The existence of an osteogenetic substance capable of eliciting bone formation in undifferentiated connective tissue has been postulated by many investigators and has been sought for over 100 years.
When a nonosseous tissue is induced to change its cellular structure to bone, the process is called "bone induction." It is the result of contact of the inductor substance or cell with the nonosseous tissue.
Ossification has been found in soft tissues after the introduction of necrotic tissue (Bridges and Pritchard, 1958) or irritants (Hartely and Tanz, 1951). Bone has also been found after the injection of tissue extracts (Levander, 1938; Annersten, 1940; Bertelsen, 1944; LaCroix, 1945, 1951; Levander and Willstaedt, 1946), but results were not consistent, and Heinen (1949) proved that alcohol, which was the solvent used to extract the tissues, alone induced ossification.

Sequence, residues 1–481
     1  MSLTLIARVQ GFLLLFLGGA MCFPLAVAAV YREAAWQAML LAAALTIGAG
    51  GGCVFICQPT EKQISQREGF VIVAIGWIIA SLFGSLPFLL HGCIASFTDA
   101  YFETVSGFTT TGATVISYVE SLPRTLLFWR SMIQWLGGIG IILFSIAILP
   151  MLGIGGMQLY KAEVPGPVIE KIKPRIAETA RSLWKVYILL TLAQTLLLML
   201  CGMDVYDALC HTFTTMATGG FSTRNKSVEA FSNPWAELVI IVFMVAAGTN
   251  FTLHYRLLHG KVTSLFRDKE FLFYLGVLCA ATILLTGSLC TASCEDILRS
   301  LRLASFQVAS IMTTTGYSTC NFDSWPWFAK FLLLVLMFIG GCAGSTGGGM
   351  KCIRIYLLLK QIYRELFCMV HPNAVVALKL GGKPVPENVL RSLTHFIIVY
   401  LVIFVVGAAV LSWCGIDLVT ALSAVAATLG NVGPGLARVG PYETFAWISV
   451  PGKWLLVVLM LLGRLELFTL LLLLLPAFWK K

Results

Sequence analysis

Bone induction by transplanted urinary bladder mucosa presents an ideal field for investigation because of consistent